My goal is to avoid spending much. Utilising a lot of second-hand materials, instead. But a good lick of quality exterior paint, and some screws are worth buying new.

Courtesy of the company, which initially made the coop.

I hear Mr Kookaburra, laughing at me now. I mean, the irony in the stamped message (above). In black, bold print, no less. Could it be any clearer, in the connection I was looking for? Which isn't to say, I'm suddenly going to start collecting animals to fill the void. But it was the olive branch I needed, to escape the hold of no-man's land. 

Because the arrival of the coop, stirred up all kinds of things. It was a reminder of our old neighbours (that we loved) and sparked a connection with our new neighbours. It rekindled permaculture design, when it came to placement of the coop. It presented opportunities for collecting water too. Lastly, it would address some gaps in our chicken operation, to cycle the flock more regularly than we have been.

Basically, it ALL became about making those connections again. There's knowing you should do it, and then finding how to. Have you experienced no-man's land recently, and found a way forward?


  1. It does look a bit sad, but I bet you'll turn it into a palace! I bought one of those Chinese-made, flat-pack coops 8 years ago for my first 3 chooks. It's survived pretty well, but is in a run under a tarp and hasn't been out in the rain. The timber isn't very robust. I've had to make new perches (the ones provided were silly little dowel things, totally unsuitable for a chicken foot) and much of it had to be discarded due to chickens having different preferences.....they wouldn't go up the ramp to the external nextbox, so both those are unused....sitting under the house. I made a nextbox on the ground from a polystyrene fruit box and they chewed that to pieces, so now they have a pile of sugar cane mulch on the ground, surrounded by large logs. I've learned that making your own chicken house with their preferences in mind is ultimately the best way to go. LOL!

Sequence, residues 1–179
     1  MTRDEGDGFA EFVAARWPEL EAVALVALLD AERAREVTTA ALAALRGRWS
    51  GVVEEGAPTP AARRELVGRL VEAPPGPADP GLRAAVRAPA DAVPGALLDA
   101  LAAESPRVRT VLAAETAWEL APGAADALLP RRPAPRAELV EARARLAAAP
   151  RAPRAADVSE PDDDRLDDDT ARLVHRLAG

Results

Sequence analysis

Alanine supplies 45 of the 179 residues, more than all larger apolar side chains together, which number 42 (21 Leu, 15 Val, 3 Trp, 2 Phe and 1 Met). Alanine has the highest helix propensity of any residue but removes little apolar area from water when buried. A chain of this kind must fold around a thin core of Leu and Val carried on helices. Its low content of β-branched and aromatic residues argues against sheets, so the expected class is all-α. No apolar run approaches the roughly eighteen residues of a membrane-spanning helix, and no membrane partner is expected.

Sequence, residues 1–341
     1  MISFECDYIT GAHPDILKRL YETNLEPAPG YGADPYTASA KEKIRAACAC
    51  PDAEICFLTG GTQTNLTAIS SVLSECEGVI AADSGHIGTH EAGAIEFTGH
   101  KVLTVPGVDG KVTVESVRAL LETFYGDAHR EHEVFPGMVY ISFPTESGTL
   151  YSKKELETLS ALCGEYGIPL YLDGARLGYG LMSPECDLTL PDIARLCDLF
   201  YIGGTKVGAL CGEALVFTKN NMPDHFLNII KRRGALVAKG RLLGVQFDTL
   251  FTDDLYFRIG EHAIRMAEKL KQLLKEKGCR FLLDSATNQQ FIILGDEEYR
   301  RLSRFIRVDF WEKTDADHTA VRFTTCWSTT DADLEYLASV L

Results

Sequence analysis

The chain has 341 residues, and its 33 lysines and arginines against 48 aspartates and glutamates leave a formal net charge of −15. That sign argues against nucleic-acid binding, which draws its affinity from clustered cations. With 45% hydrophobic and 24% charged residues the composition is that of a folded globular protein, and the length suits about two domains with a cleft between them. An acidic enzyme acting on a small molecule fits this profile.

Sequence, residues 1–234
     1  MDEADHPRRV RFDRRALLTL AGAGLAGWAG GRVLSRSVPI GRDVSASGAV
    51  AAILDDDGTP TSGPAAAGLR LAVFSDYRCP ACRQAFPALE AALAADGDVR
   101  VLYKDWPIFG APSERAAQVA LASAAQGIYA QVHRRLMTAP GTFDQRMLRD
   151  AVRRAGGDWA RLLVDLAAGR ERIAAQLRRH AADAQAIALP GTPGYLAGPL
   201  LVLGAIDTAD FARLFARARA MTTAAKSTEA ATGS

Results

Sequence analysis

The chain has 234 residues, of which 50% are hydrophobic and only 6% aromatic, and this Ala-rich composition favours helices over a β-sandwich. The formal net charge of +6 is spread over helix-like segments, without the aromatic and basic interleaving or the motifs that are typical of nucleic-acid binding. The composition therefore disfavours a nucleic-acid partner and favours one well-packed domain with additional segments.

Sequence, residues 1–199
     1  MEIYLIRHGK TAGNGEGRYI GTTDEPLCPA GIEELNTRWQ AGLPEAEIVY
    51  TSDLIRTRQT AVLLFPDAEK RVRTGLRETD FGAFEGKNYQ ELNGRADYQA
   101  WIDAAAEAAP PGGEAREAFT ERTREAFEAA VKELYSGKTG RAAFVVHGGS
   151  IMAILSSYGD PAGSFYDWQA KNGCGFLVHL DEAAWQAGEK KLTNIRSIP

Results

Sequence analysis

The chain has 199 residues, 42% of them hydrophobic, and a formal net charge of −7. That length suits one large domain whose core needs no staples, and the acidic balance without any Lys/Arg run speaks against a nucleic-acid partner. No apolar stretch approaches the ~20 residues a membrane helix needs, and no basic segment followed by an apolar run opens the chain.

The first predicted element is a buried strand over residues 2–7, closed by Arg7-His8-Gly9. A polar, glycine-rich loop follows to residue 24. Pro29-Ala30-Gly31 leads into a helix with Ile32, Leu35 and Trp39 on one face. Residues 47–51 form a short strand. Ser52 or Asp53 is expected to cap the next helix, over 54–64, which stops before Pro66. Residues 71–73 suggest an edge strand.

1. Thanks for sharing your experiences with a similar coop, Bev. I'll keep that all in mind. Funny, they didn't use the ramp. I can see the bigger hens may not, because of their size. But small ones, would love the challenge, lol. Or at least the ones I've kept in the past, did. They seem to love the height advantage. But I'll see how it goes, once set up. Thanks for sharing. :)

  2. I was tempted to buy one of those chicken coops when we had chooks but read online that they didn't last long. Since we have had the bad dog attack I have given up the idea of keeping chookies again after the dogs killed all our guinea pigs and got into the bird cages. I am sure you will resurrect that old coop quite nicely, Chris. Plus it is a nice reminder of your neighbour's friendship.

    1. It is a great reminder of our former neighbours, Chel. Although, we still do see them occassionally in the area too. I was contemplating electrified poultry netting, to let our hens out (when we get them again) so I wouldn't have to worry about stray dogs. That's always an option, if you still want to keep hens.